They have a business aboard the Riggin that offers eco-friendly sailing vacations with meals prepared by Mahle and her crew. Though there might be a destination in mind, the ship relies on the wind, tides, and weather to determine destinations and possible itineraries.

The Riggin’s sailing season is from late May to the beginning of October. From November through April crew works on projects on the ship.

 

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Captain Jon Finger plays the guitar in the galley of the J. & E. Riggin on Saturday, Oct. 7, 2017.

Mahle and Finger met in 1989 while working aboard a different ship and married in 1993.

Finger has a Master of Sail 500-ton license and served in the U.S. Coast Guard.

Mahle, originally from Farmington Hills, Michigan, graduated from Michigan State University (MSU) with a degree in psychology.

“I knew I had to go on and get an advanced degree, and I was fine with that, at least until I got to my senior year,” said Mahle. “I realized I can’t make myself take any of the tests, look at any of the schools—I just couldn’t make myself do it.”

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Crew member Amy Wilke makes sure the ropes are secure after raising the sail on Sunday, Oct. 8, 2017.

She decided to take a year away from school.

“I thought alright, I’m going to travel. I’m going to sail, and I’m not calling home for money,” said Mahle.

A friend of hers mentioned that her parents own a schooner in Maine and when Mahle called the owner said Mahle could have a job if she could begin work the day after graduation.

She began work on the Stephen Taber, where Mahle met Finger, and the ship docks next to the J. & E. Riggin in Rockland Harbor, Maine.

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The J. & E. Riggin docked at Pulpit Harbor, Maine on Saturday, Oct. 7, 2017.

Mahle is not only a captain and a mother, but also a professional cook and a published author.

After graduating from MSU, Mahle studied at the Culinary Institute of America, and trained for three years under Swiss Chef Hans Bucher.

She has published three cookbooks At Home, At Sea: Recipes from the Maine Windjammer J&E Rigginand Sugar & Salt: A Year At Home and At Sea, which is split into two books.

Aboard the schooner Mahle provides meals for the guests, and cooks with a wood burning stove while at sea for up to 30 people.

The menu is seasonal and tailored to what is brought from Mahle’s garden. She strives to use as many fresh and local ingredients in her cooking as possible.

Mahle said the weather is an element in not only how it affects the boat but also how it affects her cooking and the heat of the stove.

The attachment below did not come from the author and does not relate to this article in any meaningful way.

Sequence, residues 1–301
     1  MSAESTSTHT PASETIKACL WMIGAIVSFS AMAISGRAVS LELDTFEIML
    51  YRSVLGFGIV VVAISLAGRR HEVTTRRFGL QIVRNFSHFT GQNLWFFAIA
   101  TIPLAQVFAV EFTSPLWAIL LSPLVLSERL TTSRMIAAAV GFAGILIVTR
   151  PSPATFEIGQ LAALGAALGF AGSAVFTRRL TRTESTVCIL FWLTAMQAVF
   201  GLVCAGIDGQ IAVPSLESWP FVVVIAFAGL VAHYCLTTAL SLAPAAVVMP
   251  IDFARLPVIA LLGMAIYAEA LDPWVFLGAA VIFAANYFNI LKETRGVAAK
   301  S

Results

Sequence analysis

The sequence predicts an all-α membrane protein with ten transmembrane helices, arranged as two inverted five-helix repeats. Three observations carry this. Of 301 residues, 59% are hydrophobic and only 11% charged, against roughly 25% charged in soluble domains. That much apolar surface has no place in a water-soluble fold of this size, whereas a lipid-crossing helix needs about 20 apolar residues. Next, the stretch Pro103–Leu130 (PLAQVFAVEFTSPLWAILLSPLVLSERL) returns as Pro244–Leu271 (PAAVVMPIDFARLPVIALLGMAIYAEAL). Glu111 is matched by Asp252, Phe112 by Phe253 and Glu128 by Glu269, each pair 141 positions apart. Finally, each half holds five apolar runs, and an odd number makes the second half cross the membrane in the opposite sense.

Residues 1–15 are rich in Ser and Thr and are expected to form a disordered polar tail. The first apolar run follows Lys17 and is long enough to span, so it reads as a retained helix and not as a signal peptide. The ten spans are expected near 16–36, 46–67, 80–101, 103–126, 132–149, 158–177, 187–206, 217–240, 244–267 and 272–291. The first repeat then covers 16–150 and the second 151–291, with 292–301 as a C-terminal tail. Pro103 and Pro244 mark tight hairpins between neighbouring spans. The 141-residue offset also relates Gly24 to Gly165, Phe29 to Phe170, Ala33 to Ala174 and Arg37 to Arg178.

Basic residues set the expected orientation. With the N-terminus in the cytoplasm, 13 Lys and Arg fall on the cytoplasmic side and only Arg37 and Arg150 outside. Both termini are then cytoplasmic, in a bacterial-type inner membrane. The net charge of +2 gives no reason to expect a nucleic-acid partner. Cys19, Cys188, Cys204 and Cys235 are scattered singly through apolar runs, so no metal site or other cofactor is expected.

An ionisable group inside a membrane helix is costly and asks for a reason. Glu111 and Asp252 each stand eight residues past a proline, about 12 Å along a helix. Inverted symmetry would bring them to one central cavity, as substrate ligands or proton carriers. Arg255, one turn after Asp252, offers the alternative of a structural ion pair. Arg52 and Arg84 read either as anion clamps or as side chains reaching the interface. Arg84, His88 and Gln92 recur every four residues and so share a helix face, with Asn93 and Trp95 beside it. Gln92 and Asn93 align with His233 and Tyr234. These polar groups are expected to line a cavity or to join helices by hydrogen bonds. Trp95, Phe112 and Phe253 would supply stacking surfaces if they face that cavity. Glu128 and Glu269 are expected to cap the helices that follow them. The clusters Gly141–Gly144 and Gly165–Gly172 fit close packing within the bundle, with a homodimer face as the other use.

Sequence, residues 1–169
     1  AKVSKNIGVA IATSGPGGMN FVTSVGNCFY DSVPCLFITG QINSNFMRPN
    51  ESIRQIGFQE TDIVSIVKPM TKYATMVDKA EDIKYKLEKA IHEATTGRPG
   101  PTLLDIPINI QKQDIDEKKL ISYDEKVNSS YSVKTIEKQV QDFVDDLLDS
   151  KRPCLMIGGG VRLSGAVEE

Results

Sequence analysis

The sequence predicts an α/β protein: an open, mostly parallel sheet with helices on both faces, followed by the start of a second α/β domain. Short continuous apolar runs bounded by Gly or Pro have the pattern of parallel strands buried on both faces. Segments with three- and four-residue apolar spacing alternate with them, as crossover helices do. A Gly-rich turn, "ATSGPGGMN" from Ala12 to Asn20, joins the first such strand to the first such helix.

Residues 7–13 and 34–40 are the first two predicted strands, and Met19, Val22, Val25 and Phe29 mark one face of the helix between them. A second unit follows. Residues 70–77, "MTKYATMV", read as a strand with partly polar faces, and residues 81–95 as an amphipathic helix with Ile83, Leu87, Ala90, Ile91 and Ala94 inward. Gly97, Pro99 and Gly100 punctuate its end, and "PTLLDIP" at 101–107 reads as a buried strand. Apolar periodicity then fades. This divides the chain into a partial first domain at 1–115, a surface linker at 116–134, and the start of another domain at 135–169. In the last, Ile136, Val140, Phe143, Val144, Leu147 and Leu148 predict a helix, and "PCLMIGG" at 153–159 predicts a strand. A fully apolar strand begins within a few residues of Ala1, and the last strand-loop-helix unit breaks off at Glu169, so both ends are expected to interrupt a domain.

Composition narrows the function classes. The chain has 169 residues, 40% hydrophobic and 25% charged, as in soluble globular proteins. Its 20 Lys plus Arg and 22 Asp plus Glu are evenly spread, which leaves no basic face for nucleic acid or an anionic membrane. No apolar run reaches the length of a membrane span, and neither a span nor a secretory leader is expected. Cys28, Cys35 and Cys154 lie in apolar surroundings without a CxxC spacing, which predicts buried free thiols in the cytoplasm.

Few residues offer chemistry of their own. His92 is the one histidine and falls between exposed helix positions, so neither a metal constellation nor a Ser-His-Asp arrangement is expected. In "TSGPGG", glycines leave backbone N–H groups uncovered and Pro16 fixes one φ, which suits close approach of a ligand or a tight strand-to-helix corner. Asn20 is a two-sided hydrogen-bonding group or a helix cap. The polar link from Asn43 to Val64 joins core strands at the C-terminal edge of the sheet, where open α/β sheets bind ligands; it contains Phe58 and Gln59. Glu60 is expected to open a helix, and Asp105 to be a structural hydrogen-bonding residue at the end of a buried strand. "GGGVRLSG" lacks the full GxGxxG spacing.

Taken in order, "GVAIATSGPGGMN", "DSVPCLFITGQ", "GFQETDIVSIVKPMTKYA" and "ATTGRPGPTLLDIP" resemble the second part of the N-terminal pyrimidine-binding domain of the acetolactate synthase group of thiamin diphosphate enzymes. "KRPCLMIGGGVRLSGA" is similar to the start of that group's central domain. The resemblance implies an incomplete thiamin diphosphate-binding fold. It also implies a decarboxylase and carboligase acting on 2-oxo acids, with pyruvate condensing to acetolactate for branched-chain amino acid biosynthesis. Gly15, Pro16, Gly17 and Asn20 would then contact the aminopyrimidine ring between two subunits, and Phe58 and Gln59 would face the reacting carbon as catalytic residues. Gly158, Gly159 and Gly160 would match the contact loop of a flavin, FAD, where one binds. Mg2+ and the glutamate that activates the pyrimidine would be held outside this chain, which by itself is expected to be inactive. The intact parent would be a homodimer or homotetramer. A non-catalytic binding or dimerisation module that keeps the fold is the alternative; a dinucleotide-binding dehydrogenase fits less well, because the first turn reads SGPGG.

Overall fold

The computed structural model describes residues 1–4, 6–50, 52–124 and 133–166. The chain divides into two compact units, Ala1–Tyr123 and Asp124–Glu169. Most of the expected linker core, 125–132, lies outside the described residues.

But she said that an advantage of cooking with a wood-burning stove is the enhanced flavor, primarily using mixed hardwoods. Mahle gets up at 4:30 a.m. every day the schooner is sailing so she can light the stove at 5 a.m.

Breakfast is served at 8 a.m., lunch at noon, and dinner around 6 p.m.

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Annie Mahle starts lunch in the galley of the Schooner J. & E. Riggin on Friday, Oct. 6, 2017.

Mahle said Finger had wanted to own a schooner since he was 16 years old, but she wasn’t entirely on board with the idea.

“It’s a lot of work, there’s a lot of capital investment, and I didn’t know whether we’d be able to do a family and own a schooner well,” said Mahle. “Turns out it’s the same wherever you go. Raising a family is raising a family. Where you raise your family is less important than how you raise your family.”

She said they came to an agreement.

“First, if either one of us feels like the business is affecting our family adversely, then we get to cry uncle and we’re done, that’s it,” said Mahle. “The second one was that he gets to pick the first 20 years, I get to pick the 20 years, what it is we are doing for work.”

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Crew members Mark “Chives” Godfrey, 20, from El Paso, Texas, and Erin Nolan, 20, from New York, New York, make sure the sail is secure on the J. & E. Riggin on Friday, Oct. 6, 2017.

In 1998 the couple bought the J. & E. Riggin from the previous owner Dave Allen who had converted the ship to accommodate passengers in 1977 for a total of 24 passengers and six crew.

“We chose the Riggin first because she had a wood stove and she didn’t have an inboard engine and she was, from our perspective, the right size. We just liked the look of her,” said Mahle.

Mahle said Finger was walking down the dock one day and Allen was changing the oil and the oil was just dripping down Allen’s elbows when he called to Finger grumpily, “You want to buy a schooner?” and when Finger responded yes Allen said, “Let’s go to breakfast.”